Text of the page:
Junk Science: Food Nannies’ Halloween Cancer Scare

The latest food scare was announced, appropriately enough, on Halloween. But the science behind the scare is about as believable as are ghosts and goblins.

“Landmark Report: Excess Body Fat Causes Cancer; Panel Also Implicates Red Meat, Processed Meat and Alcohol” blared the media release about a new report from the American Institute for Cancer Research (AICR).

The massive 537-page tome “assembled over five years by nine independent teams of scientists, hundreds of peer reviewers and 21 international experts who reviewed over 7,000 large-scale studies” purports to be the “most comprehensive ever published on the evidence linking cancer risk to diet, physical activity and weight.”

“The most striking finding in the report is that excess body fat increases risk for numerous cancers… Even small amounts of excess body fat, especially if carried at the waist, increase risk,” proclaimed the media release.

The report advises limiting the intake of hamburgers, French fries, milk shakes, pastries and soft drinks. It says that there is “no safe level of consumption” of processed meats a hysterical claim that is not even true for the most poisonous substances.

This certainly is a landmark report never before have so many scientists labored so long to embarrass themselves and their academic disciplines.

There’s not enough room in this column to debunk each and every claim made in the AICR report, but we’ll look at some examples after considering some fundamental facts and principles.

First, scientists don’t really understand carcinogenesis very well. It’s known that the risk of cancer increases with age possibly because of the deterioration of DNA repair mechanisms and a few well-documented risk factors, such as family history of cancer, heavy smoking, and exposure to certain viruses and some exposures to radiation. Outside of those and perhaps a few other risk factors, the occurrence of cancer is largely inexplicable.

Significantly, not a single case of cancer among the tens of thousands studied in the “7,000 large-scale studies” was definitively linked with any specific dietary factor. The AIRC report’s claim to link diet with cancer largely amounts to post-facto guesswork abetted by statistical hijinks and imagination run amok.

A cardinal principle of epidemiology is that it is a very useful methodology when looking for linkage between high rates of rare diseases the sort of relationship classically found, for example, in outbreaks of food poisoning.

But epidemiology is wholly incapable of identifying low risks of relatively common diseases or conditions, such as most cancers. The reason for this is simple: the margin of error in study data due to inaccurate and incomplete data collection is typically far greater than the size of any statistical relationship that may exist or be detected.

Accordingly, the rule of thumb in epidemiology, as famously espoused by the National Cancer Institute, is that, “In epidemiologic research, [increases in risk of less than 100 percent] are considered small and usually difficult to interpret. Such increases may be due to chance, statistical bias or effects of confounding factors that are sometimes not evident.”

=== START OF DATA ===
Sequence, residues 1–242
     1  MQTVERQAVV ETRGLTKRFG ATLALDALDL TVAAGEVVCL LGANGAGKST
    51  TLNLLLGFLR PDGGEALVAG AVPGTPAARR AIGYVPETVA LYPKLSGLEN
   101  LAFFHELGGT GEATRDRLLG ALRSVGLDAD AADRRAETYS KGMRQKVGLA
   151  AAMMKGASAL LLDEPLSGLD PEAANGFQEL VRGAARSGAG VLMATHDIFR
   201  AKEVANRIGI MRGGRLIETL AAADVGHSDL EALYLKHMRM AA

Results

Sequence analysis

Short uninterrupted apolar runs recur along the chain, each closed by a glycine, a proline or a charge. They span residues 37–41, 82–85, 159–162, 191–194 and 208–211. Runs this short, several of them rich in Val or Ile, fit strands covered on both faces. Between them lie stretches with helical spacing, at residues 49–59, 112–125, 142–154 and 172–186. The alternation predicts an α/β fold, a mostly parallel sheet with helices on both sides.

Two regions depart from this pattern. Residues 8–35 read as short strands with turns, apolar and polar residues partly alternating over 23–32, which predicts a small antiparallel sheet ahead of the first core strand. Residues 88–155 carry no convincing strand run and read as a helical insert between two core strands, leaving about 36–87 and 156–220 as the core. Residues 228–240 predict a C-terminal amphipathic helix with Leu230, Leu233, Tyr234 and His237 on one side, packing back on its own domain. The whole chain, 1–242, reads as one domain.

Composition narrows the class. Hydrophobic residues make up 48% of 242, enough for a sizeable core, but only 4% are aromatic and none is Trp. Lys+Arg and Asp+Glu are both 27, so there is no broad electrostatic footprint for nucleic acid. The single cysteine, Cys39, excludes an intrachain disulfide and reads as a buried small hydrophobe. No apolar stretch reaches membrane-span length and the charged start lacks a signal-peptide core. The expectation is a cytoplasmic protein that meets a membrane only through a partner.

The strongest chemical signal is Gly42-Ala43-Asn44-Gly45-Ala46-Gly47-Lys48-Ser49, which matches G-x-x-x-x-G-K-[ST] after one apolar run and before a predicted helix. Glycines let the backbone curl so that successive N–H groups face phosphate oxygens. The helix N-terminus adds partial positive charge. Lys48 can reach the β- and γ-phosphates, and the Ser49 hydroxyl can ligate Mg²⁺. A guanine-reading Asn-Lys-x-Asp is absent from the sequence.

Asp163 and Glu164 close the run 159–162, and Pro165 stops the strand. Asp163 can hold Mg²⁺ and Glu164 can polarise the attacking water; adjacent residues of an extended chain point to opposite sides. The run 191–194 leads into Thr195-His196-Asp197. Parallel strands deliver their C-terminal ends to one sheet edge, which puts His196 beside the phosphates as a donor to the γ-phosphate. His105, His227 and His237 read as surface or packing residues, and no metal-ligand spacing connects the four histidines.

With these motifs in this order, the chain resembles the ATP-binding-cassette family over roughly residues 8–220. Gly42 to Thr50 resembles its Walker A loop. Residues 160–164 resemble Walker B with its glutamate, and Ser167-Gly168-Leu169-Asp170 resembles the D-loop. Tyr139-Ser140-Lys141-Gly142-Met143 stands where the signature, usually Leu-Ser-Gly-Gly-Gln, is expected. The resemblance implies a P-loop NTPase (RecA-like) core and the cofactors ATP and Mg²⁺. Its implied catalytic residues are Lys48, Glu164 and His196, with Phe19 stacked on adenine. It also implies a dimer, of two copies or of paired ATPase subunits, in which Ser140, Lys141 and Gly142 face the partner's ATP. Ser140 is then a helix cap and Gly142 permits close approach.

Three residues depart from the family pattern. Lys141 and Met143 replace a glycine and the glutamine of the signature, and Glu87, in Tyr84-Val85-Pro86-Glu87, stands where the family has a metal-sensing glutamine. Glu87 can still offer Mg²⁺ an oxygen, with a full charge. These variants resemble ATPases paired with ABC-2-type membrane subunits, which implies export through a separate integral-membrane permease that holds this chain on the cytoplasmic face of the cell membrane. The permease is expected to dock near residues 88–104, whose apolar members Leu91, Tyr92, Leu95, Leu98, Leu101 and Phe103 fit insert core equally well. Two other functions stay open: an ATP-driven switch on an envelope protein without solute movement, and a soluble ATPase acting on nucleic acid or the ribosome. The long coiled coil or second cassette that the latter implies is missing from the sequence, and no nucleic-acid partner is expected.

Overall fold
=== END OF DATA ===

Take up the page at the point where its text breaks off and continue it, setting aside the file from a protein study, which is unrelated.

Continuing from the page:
Further, just because a reported risk is greater than 100 percent, that does not necessarily indicate a cause-and-effect relationship. Such reported risks may be statistically insignificant (indicating they could have occurred by chance) or have wide margins of error (indicating flaky data). And, of course, for any statistical risk to have meaning, it must be backed up by biological plausibility.

With these concepts in mind, let’s consider the AICR report.

The vast majority of the results from individual studies between every type of food and every type of cancer cited in the report are either significantly below 100 percent and/or statistically insignificant. The relatively few cited risks that exceed 100 percent are typically not statistically significant or have wide margins of error.

Consider the data presented for processed meat, which the AICR report claims to be too dangerous to eat.

Of the 17 study results concerning processed meat and colon cancer comparing high consumption to low consumption 15 are way below, and one is at the 100 percent-risk threshold. Thirteen studies aren’t statistically significant. Not only is the lone study claiming a risk above 100 percent (a reported 250 percent increase in risk) barely statistically significant, it has a margin of error four times the size of the reported risk.

Of the seven studies reporting a cancer risk per serving of processed meat, all reported risks are substantially below the 100 percent threshold. Four results are clearly not statistically significant and two are borderline insignificant.

On the basis of these dubious statistical results, the AICR report concludes that “processed meat is a convincing cause of colorectal cancer.” This is an appalling and unsupported conclusion.

In the end, the AICR report isn’t really science at all it’s more of bloody crime scene where science got violently mugged by hoods costumed as health and nutrition experts and wielding statistical pepper spray. In some ways, this shoddy science isn’t surprising when one considers that the AICR also pitches cranberry recipes and other culinary snake oil as a means of reducing cancer risk.

The AICR advocates against consuming fat, salt, sugar and alcohol– an agenda worth $37 million in charitable donations in 2006. So we shouldn’t be surprised when the food police issue a “report” advancing such a lucrative agenda.